mongababy 4-2022 Global biodiversity is in crisis, but how bad is it? It’s complicated – by Elizabeth Claire Alberts 14-5-2022 Just 10% of global land in natural state by 2050 without action, says biodiversity expert – First session of Citizens’ Assembly on Biodiversity Loss sits at Dublin Castle – by Kevin O’Sullivan  17/12/2021 The Biodiversity Crisis Needs Its Net Zero Moment
Climate change isn’t the only major crisis facing the world. We’re in the middle of a mass extinction, and we’re missing all of our biodiversity targets.  by Matt Reynolds   2/9/2021  Bats, butterflies and bumblebees threatened by an ‘extinction catastrophe waiting to happen in next decade’ – ‘Importance of preserving each species cannot be overestimated,’ says Jo Hatton, Horniman Museum’s principal curator of natural sciences  by Tom Batchelor

…”Some of the UK’s best-loved wildlife, from hedgehogs to bats and butterflies to bumblebees, could face extinction within a decade if action is not taken to halt their decline, research suggests.”…     6/2021 Quick fixes’ to the climate crisis risk harming nature  By Helen Briggs 4/2021 Introducing Down to Earth, our new project on the biodiversity crisis – Why a reporting initiative on the science, politics, and economics of an ecological catastrophe is so badly needed. By Eliza Barclay and Brian Anderson  

You can probably guess the three global threats that topped a recent list from the World Economic Forum.

  • No. 1? Infectious disease. (Nothing like a pandemic to remind us of this.)
  • No. 2? Inaction on climate change.
  • No. 3? Weapons of mass destruction.
  • But No. 4? That one might surprise you: biodiversity loss. The forum’s survey found that the irreversible impacts of ecosystem collapse and species extinction pose a greater global risk in 2021 than the debt crisis.

A number of recent events have helped spark this awakening — from the breathtaking 3 billion animals, many of them rare, killed or displaced in the 2020 Australia wildfires to the possible emergence of the coronavirus from wildlife farms in China. There’s also been a wave of groundbreaking studies in the past year — on the rapid rate at which mammals, birds, amphibians, insects, and plants are disappearing; on the economics of biodiversity; on Indigenous communities’ forest management expertise; and on the cost of invasive species — that have helped clarify this mounting ecological catastrophe underway and the necessary responses…”…   3/2021  Economic benefits of protecting nature now outweigh those of exploiting it   by Fred Lewsey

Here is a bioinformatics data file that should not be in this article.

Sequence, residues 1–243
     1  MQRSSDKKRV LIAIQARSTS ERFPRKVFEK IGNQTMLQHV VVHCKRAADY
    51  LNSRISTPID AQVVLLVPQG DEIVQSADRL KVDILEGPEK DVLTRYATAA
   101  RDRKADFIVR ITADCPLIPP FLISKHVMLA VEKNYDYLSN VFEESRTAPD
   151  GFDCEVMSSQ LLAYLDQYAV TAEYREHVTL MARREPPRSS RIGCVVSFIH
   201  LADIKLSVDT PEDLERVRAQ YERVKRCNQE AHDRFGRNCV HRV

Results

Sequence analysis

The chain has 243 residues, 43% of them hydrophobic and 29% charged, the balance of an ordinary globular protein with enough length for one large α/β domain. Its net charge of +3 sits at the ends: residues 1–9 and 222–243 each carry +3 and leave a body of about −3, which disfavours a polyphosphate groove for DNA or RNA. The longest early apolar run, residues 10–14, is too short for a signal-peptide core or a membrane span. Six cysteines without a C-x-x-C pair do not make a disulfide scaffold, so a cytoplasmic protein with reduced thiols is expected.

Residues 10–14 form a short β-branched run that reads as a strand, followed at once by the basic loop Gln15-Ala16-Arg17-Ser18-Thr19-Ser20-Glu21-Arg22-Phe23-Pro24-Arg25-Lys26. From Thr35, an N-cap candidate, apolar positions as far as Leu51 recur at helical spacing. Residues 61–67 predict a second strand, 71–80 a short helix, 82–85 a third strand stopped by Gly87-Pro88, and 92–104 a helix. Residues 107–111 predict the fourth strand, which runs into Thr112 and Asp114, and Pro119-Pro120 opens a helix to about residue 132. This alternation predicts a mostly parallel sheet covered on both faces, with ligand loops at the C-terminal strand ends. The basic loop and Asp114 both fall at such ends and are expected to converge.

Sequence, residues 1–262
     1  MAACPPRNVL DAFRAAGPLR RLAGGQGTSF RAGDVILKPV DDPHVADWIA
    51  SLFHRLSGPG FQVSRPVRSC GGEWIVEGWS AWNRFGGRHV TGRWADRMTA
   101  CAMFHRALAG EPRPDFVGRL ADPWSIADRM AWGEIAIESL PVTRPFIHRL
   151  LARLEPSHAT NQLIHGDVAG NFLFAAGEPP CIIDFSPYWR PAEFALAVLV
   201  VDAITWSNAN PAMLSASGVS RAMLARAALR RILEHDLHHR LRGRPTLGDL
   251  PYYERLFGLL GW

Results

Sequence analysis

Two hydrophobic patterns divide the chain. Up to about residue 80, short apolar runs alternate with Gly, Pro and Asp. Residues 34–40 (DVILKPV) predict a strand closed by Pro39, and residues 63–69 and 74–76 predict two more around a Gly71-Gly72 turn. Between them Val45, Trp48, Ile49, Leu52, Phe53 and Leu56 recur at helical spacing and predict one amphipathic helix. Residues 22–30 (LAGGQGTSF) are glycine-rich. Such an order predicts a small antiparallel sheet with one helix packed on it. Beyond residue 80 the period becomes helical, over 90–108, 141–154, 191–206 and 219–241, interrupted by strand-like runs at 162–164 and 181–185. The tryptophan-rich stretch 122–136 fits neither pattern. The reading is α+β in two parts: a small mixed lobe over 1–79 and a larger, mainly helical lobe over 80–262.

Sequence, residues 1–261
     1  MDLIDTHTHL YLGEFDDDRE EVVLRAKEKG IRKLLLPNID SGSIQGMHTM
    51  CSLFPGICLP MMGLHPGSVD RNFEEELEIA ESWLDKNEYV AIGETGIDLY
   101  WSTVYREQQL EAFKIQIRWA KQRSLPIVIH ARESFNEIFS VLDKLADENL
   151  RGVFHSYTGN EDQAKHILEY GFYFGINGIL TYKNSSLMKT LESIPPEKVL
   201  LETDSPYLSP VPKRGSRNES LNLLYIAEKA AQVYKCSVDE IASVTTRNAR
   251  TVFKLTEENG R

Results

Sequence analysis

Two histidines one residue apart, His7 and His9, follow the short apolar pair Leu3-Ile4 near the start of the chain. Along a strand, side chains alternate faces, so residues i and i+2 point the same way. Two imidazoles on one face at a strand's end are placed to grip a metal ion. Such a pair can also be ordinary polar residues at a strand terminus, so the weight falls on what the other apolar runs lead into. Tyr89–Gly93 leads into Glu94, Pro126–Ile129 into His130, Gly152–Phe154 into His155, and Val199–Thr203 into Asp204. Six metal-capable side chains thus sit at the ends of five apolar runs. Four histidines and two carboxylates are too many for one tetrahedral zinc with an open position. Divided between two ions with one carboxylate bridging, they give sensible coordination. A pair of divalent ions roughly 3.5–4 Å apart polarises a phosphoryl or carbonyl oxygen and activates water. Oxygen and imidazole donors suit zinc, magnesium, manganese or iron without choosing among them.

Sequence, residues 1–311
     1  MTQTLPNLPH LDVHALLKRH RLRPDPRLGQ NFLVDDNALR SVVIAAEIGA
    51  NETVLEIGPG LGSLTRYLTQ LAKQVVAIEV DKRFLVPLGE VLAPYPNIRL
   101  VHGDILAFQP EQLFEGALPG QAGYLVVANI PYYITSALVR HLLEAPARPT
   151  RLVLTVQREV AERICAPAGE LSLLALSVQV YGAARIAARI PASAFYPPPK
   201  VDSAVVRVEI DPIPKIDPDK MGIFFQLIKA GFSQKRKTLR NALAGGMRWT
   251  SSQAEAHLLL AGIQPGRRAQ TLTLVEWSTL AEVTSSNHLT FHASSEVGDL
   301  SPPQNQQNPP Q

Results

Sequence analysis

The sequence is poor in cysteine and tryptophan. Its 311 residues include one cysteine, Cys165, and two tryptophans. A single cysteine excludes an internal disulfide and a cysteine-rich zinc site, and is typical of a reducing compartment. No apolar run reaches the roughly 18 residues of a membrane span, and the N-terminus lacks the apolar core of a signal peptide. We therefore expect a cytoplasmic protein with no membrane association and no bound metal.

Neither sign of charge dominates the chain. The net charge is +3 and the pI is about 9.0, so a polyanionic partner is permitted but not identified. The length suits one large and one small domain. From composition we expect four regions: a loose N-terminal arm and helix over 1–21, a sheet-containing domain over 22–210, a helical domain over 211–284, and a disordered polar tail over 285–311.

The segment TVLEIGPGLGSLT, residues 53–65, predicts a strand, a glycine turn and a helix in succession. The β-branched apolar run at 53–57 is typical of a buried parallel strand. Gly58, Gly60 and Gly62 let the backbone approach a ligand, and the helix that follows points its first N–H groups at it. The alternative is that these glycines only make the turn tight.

““Even if you are only interested in dollars and cents, we can see that conserving and restoring nature is now very often the best bet for human prosperity” Professor Andrew Balmford  –

The economic benefits of conserving or restoring natural sites now “outweigh” the profit potential of converting them for intensive human use. This is according to researchers behind the largest-ever study comparing the value of protecting nature at particular locations with that of exploiting it. A team led by the University of Cambridge and RSPB as part of the Cambridge Conservation Initiative analysed dozens of sites – from Kenya to Fiji and China to the UK – across six continents. A previous breakthrough study in 2002 only had information for five sites.  The findings, published in the journal Nature Sustainability, come just weeks after a landmark review by Cambridge Professor Sir Partha Dasgupta called for the value of biodiversity to be placed at the heart of global economics. For the latest study, scientists calculated the monetary worth of each site’s “ecosystem services”, such as carbon storage and flood protection, as well as likely dividends from converting it for production of goods such as crops and timber…”…   3/2021  ‘Land is worth more when left to nature’ –  The economic benefits of conserving or restoring natural sites now ‘outweigh’ the profit potential of using the same areas for farming or timber, a landmark study has found – Conserving or restoring natural sites such as woodlands and wetlands would be more valuable than using the same sites for farming or timber, according to a major new study.  – by Nicola Slawson   3/2021 Climate change: ‘Forever plant’ seagrass faces uncertain future   By Matt McGrath   3/2021  Ancient Plants Buried a Mile Under Greenland’s Ice Are a Grim Warning From The Past – Michelle Starr